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Airglow

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An obscure nocturnal phenomenon prevents the night sky from becoming completely dark. Even if the moon, all artificial lights, and auroras were blotted out, the sky would still emit a soft luminosity all over the globe.

This is “airglow,” and it is created by the light of atoms excited by solar UV radiation. Airglow is contained within Earth’s extremely variable ionosphere and produces a dominant green light approximately 50 to 60 miles above the planet.

Oxygen atoms are the main component of airglow, but — through chemiluminescence and the decay of excited atoms and molecules — sodium atoms, hydroxyl radicals, and molecular oxygen add to the light emitted.

The ionosphere is an electrified layer of the upper atmosphere that stretches roughly 40 to 400 miles above Earth’s surface. Courtesy of NASA’s Goddard Space Flight Center/Mary Pat Hrybyk-Keith.


The ionosphere is an electrified layer of the upper atmosphere that stretches roughly 40 to 400 miles above Earth’s surface. Courtesy of NASA’s Goddard Space Flight Center/Mary Pat Hrybyk-Keith.


Airglow differs from auroras. Both share similarities with respect to the heights at which they occur and the fact that their glow comes from the light of excited atoms. Airglow, however, is produced by a chemical excitation from daytime shortwave solar radiation (day-to-day sunlight). Auroral excitation is produced by collisions with high-energy particles plunging down from Earth’s magnetosphere.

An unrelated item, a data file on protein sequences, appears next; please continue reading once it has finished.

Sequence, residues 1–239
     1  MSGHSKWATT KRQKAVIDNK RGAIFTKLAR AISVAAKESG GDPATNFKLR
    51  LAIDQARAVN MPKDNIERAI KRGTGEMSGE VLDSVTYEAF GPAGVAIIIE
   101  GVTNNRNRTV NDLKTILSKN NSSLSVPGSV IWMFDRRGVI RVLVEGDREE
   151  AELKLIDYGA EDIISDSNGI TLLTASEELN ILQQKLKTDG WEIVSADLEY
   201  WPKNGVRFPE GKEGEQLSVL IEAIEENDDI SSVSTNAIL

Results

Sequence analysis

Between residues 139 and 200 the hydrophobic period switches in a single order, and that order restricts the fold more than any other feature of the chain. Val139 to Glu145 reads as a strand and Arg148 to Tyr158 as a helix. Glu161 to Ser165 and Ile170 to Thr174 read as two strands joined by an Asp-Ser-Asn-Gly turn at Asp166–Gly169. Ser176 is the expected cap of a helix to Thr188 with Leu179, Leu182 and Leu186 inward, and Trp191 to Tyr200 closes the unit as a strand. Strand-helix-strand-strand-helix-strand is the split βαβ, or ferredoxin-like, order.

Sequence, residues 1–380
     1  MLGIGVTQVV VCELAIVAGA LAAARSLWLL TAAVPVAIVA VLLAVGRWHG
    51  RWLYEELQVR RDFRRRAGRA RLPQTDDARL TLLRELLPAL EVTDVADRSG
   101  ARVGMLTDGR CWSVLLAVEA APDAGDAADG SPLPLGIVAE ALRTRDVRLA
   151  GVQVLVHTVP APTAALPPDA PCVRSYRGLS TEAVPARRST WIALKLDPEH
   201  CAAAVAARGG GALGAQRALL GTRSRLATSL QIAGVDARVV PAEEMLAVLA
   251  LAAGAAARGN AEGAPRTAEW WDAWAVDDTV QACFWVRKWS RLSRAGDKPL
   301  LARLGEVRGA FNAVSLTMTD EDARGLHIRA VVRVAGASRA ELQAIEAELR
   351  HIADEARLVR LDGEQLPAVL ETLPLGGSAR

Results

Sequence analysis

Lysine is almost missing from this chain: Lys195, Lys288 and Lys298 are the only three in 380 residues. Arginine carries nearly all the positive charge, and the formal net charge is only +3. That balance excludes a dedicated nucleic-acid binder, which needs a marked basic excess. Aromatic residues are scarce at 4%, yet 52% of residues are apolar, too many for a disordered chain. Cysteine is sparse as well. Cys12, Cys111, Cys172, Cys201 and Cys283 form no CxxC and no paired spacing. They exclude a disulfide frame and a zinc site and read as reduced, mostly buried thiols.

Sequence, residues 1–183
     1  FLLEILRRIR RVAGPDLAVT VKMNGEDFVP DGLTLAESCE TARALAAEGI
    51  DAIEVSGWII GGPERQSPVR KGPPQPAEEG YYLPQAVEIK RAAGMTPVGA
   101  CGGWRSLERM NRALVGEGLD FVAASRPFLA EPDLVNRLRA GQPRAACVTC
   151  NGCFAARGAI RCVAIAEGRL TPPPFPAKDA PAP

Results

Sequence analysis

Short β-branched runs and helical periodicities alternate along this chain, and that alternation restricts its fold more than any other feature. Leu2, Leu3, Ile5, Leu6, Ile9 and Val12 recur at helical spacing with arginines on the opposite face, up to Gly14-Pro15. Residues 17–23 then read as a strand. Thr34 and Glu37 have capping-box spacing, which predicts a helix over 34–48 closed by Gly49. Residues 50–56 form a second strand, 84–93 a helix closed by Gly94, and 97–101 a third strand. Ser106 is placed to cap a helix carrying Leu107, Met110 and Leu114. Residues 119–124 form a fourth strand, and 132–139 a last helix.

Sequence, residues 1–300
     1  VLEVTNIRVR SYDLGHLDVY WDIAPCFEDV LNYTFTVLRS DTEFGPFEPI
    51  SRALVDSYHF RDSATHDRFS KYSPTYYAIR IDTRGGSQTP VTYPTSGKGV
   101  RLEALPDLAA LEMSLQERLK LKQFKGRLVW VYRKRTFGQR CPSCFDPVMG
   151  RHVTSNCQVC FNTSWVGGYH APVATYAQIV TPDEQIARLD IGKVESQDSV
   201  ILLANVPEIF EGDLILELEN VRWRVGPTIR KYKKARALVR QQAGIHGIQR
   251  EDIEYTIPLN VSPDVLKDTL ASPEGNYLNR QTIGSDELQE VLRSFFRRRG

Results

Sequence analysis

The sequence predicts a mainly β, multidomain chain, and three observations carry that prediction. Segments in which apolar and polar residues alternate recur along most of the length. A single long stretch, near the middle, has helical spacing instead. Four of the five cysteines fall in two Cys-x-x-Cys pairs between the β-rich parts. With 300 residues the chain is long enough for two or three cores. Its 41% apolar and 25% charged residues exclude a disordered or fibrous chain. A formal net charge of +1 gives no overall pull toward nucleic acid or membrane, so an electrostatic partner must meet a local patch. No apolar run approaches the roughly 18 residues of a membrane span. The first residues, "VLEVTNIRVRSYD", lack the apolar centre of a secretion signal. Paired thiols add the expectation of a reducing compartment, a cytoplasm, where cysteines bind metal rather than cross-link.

Jack Jewell, a laser scientist hooked on nighttime photography, captured the atmospheric phenomena while taking time-lapsed photos in Bryce Canyon National Park of the Milky Way rising.

“Despite no city lights anywhere near, the sky did not appear especially dark, and I saw some bands,” Jewell said. “The photos all had a green hue due to strong airglow that night.”

Image of green airglow in Bryce Canyon, Utah. Courtesy of Jack Jewell.


Image of green airglow in Bryce Canyon, Utah. Courtesy of Jack Jewell.


The successive frames that he captured were 12 seconds each and shot on a tripod-mounted Nikon D800E at 24 mm focal length.

Although airglow is actually quite colorful, our unaided eyes do not typically see its color because its light appears below the threshold of our color perception.

So the next time you look to the night sky, know a faint but majestic luminescence separates us from the stars, and admire the beauty of the upper atmosphere.

To watch a brief video made by Jewell showing airglow in action, visit: https://vimeo.com/73254759.

Photonics Spectra
May 2019
Lighter Side

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